1.   Provide public health and nutrition   practitioners with a good understanding of the issues; and
  2.   Place their role in reducing the   environmental impact of the food system in context with other key   stakeholders and initiatives in the supply chain

Remove   section G5 and include references as part of the discussion in G1 and G2,   consistent with the rest of the draft dietary guidelines.

 

 

 

 




[1] Australian Dietary Guidelines, draft for Public Consultation, December 2011, p.2

[2]NHMRC.Australian Dietary Guidelines, draft for Public Consultation, December 2011, p.2

[3]NHMRC A Modelling System to inform the Revision of the Australian Guide to Healthy Eating, 2011

[4]Heath AL, Skeaff CM, Williams S, Gibson RS.The role of blood loss and diet in the aetiology ofmild iron deficiency in premenopausal adult NewZealandwomen.Public Health Nutr.2001; 4:197–206.

[5]Fayet F, Samman S. Eating behaviour andbiomarkers of nutritional status in femaleuniversity students. Nutrition Society of Australia Abstracts 2007.

[6]Cheng HL, Bryant CE, O’Connor HT, et al. Ironstatus of overweight and obese young womenpresenting for weight management (awaiting publication).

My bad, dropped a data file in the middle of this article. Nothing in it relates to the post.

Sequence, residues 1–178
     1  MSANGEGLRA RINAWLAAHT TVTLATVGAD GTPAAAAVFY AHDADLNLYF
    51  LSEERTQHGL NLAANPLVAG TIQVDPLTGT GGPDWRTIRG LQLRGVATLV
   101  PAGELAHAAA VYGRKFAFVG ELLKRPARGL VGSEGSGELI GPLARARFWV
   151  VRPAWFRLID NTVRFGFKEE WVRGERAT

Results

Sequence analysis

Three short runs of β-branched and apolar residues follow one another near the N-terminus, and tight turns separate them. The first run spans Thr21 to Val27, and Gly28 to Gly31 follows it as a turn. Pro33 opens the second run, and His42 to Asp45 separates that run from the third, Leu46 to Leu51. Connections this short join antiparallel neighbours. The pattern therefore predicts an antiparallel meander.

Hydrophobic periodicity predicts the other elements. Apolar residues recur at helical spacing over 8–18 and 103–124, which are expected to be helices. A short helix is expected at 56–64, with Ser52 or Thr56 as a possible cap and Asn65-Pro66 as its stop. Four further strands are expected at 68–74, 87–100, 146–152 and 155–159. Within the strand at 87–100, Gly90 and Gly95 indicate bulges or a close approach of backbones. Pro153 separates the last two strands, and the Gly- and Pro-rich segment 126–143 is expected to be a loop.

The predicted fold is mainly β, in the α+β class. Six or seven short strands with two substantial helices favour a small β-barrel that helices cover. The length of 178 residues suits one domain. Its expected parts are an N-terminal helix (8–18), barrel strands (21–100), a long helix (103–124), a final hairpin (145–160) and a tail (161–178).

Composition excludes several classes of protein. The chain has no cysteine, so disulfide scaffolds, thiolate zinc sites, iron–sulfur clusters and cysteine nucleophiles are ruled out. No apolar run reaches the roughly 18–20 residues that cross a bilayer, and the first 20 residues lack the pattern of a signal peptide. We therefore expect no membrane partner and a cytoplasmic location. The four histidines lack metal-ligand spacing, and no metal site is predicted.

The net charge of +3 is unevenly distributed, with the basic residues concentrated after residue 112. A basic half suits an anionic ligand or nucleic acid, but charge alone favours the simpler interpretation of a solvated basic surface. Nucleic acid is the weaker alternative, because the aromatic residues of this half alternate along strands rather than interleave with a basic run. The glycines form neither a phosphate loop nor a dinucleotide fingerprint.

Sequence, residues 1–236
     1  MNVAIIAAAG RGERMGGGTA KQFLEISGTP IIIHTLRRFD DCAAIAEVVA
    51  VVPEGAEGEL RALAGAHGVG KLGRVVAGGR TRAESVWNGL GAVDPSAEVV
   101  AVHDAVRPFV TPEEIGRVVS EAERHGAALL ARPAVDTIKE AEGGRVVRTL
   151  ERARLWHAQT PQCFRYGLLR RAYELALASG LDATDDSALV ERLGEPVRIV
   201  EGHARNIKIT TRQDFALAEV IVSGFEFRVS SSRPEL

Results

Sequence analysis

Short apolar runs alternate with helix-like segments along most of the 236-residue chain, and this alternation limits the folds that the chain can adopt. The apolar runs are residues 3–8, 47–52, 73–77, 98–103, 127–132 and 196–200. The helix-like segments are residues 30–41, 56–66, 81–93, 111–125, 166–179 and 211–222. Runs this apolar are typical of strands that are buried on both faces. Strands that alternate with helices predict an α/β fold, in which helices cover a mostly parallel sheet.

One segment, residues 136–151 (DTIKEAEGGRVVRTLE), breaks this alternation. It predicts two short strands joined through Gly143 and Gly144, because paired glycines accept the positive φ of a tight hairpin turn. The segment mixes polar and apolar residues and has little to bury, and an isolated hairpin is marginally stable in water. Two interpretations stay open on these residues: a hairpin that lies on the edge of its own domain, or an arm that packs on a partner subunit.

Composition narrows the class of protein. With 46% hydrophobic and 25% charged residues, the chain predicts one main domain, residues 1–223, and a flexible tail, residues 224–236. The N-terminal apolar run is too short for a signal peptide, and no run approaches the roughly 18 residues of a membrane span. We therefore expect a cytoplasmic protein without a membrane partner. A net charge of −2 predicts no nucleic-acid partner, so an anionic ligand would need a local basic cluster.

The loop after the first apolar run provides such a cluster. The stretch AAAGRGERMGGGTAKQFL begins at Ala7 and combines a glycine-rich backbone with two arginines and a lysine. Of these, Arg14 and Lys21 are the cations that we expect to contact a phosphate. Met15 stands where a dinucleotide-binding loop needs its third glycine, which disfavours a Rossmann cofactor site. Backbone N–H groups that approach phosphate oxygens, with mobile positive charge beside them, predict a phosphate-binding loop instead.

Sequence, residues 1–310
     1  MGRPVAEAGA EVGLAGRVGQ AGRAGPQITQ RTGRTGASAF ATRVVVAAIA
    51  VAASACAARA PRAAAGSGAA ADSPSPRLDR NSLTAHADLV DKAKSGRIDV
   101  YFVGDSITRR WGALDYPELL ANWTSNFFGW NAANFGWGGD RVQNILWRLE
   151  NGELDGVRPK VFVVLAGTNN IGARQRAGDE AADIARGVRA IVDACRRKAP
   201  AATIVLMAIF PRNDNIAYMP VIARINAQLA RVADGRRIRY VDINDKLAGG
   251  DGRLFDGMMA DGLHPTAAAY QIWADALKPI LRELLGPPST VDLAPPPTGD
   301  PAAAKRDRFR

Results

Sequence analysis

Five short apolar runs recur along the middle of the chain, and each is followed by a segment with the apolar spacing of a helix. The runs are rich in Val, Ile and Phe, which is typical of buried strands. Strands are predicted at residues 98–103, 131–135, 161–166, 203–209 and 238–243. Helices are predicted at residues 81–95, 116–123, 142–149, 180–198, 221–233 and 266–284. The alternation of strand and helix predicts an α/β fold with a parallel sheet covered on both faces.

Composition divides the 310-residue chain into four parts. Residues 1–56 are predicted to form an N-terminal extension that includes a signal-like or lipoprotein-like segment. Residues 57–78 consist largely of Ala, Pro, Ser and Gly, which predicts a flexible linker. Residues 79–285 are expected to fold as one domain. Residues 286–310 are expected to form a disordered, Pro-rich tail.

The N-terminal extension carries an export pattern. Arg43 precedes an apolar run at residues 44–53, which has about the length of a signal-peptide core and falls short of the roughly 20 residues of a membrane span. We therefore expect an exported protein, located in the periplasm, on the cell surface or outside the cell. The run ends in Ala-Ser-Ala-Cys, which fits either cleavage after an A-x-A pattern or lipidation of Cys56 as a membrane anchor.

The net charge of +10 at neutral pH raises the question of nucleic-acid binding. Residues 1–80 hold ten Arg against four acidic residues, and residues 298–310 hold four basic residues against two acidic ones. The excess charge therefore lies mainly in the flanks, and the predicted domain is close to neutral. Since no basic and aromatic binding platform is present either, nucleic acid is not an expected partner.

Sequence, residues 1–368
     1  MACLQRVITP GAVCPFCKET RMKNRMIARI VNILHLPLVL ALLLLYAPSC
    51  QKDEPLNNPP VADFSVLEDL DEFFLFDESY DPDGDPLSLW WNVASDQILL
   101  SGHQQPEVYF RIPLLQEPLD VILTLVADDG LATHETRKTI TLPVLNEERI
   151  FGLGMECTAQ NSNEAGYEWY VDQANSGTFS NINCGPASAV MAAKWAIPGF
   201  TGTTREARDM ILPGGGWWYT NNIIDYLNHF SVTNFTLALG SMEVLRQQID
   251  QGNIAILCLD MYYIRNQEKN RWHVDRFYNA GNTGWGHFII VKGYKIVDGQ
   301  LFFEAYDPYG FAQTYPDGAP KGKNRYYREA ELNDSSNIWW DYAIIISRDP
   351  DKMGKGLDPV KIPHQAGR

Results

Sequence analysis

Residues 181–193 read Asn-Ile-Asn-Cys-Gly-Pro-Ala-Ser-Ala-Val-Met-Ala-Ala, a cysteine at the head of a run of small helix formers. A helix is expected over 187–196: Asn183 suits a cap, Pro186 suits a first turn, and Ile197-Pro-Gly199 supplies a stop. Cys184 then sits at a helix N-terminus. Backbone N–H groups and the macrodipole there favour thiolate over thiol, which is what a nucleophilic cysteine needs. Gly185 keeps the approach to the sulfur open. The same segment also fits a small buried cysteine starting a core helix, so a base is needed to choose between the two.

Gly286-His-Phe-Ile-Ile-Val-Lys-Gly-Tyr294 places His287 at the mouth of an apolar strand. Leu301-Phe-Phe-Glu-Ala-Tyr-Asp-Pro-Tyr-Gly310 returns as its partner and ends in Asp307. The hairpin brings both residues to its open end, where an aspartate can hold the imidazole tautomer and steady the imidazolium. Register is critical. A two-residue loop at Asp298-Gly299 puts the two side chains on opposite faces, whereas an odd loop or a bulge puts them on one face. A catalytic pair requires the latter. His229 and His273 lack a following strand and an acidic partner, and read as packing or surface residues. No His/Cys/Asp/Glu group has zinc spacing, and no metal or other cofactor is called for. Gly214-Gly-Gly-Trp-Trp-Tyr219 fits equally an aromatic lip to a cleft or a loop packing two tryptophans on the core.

[7]Grieger J.A., Scott J, Cobiac, L. “Cluster analysis and food group consumption in a national sample of Australian girls.” Journal of Human Nutrition and Dietetics, (2011).

[8] Vieux F, Darmon N, Touazi D, Soler LG. Greenhouse gas emissions of self-selected diets in France: Changing diet structure or consuming less? Ecological Economics 2012;(75):91-101

[10] Place SE, Mitloehner FM. Beef production in balance: Considerations for life cycle analyses. Meat Science 92 (2012): 179-181

[11]MichaelowaA, Dransfeld B. Greenhouse gas benefits of fighting obesityPaper 4-8 by the  HWWI Research Programme International Climate PolicyHamburg Institute of International Economics (HWWI) | 2006 ISSN 1861-504X

[12]Gryka ABroom JRolland C. Global warming: is weight loss a solution? Annu Rev Public Health. 2011;32:179-97

[13] Ridoutt B, Sanguaransri, Freer M, Harper GS. Water footprint of livestock: comparison of six geographically defined beef production systems. Int J Life Cycle Assess (2012);17:165-175

[14] Gill M, Smith P, Wilkinson JM. Mitigating climate change: the role of domestic livestock. Animal (2010);4(3):323-333

[15]FAO (2011).World Livestock 2011- Livestock in food security. Rome: Food and Agriculture Organization of the United Nations

[16] Calculated using 2010 beef production data from MLA and from the 2009 National Greenhouse Gas Inventory

Page reviewed: 4 February, 2013